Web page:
I’m definitely not the greatest interior decorator ever, but I’m pretty happy with how these curtains turned out. They were easy to sew–the hardest part was spacing the tabs across the top!
I used a nice chocolate brown corduroy fabric and shell buttons on the tabs. The rods are bamboo rods I got at a lumber store and the hooks are just standard robe hooks. Someday I’d like to replace those hooks, but it works for now :)
I’m sorry I don’t have pictures of the entire process, but I started these a long time ago and didn’t finish them until a few weeks ago when I finally found the rods I wanted for a steal of a price.
My curtain pieces were approximately 18″ x 42″ rectangles. You should measure your window to see how long and wide yours should be (I like them with a little waviness between the tabs, so I made mine a little longer than my window). Not too hard. :)
Turn under and press down 1/4″ on each side of the curtain. Then turn under and press down 1/2″ to give each side a nice clean edge. Stitch these side hems down.
For the tabs, cut strips that are 5″ wide and 8″ long. There’s about 2 1/2″ from the top of the pole to the top of the curtain and 2″ of overlap onto the curtain.
Fold the tabs in half, right sides together, and sew with a 1/4″ seam across one end and down the side. Leave the other end open. (This is a great time to use the chain-stitching method (also called strip-piecing) I mentioned during 31 Days to a Handmade Quilt–sew right onto the next tab without stopping in between. Such a time saver!)
Trim a little triangle off the corners so there will be less bulk when you turn the tab right side out.
Turn all your tabs right side out.
Press the tab so that the seam is right along one edge. The top end should be sewn closed; the other end should still be open.
Attach tabs to curtain
Cut a facing strip the length of your curtain and about 4″ wide. I used the selvage of the fabric as the lower edge of my strip so that I wouldn’t have to hem it.
Spread your curtain piece out on the floor right side up and arrange your tabs evenly across the curtain. The raw edge of the tabs should be lined up with the raw edge of the curtain, and the rest of the tab should be lying on the curtain. (Also make sure your first and last tabs are even with the edges of the rectangle.)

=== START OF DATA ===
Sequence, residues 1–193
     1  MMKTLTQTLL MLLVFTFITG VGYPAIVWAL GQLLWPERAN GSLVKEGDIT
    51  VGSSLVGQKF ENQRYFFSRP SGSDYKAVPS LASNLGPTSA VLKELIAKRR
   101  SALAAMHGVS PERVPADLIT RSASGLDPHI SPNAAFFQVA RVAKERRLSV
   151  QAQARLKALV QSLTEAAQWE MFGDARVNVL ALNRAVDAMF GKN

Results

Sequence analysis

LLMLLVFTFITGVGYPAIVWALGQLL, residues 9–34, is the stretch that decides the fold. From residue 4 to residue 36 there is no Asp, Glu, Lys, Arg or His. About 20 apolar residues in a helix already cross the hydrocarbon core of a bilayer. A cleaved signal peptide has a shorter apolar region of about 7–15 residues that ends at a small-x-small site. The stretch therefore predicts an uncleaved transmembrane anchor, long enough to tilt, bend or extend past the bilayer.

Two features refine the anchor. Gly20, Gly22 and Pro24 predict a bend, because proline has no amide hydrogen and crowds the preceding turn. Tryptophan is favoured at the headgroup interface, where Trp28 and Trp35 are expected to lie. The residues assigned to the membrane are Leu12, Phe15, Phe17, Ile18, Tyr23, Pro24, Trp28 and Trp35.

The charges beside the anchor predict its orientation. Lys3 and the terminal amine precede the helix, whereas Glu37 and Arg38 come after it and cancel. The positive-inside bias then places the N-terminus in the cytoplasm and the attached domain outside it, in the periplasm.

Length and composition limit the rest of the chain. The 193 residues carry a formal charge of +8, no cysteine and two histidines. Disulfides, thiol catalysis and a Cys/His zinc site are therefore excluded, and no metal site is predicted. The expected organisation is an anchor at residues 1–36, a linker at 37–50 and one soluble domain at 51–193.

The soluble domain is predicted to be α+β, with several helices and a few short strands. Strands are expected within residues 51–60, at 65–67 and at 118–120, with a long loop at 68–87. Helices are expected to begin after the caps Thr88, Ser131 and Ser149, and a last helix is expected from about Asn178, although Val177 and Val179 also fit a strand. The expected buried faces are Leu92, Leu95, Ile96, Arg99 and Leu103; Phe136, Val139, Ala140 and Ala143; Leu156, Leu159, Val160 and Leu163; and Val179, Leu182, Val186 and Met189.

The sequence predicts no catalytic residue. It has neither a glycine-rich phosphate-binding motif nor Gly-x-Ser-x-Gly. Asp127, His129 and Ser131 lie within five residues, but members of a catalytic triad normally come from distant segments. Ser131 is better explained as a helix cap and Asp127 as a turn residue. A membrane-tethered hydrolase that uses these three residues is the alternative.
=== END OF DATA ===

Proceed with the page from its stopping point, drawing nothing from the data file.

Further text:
Mine ended up being around 5″ apart. I have no idea how to tell you how to figure this out mathematically. I tried several ways and they didn’t work, so I just eyeballed it. :)
Place the facing over the tabs, right side down, aligning its raw edge with the others.
When you’re done, flip the facing around to the back and your tabs should be sewn in between the curtain and the facing. Press it down really well, and let’s move on to the hem!
Turn under and press 1/2″ along the bottom side of your curtain.
Then turn under 2 1/2″ and press again. This gives you a nice deep hem that will hang nicely at your window. Of course, you can feel free to modify those measurements if you think something else would be better in your particular situation. (That’s the great thing about sewing–nobody says you have to do something a particular way :) )
I used a blind-stitch to hem mine so that there wouldn’t be a horizontal line distracting from the rest of the curtain. If you don’t want a top-stitched hem and aren’t familiar with blind-stitching on your machine, just tack the hem down by hand.
To finish the tabs, pin them in place, overlapping with the top edge of your curtain by about 2″. Sew a decorative button right in the center to hold it in place.
Hang Your Curtains
Slip your curtain rod through the tabs, hang above your window, and adjust to your liking.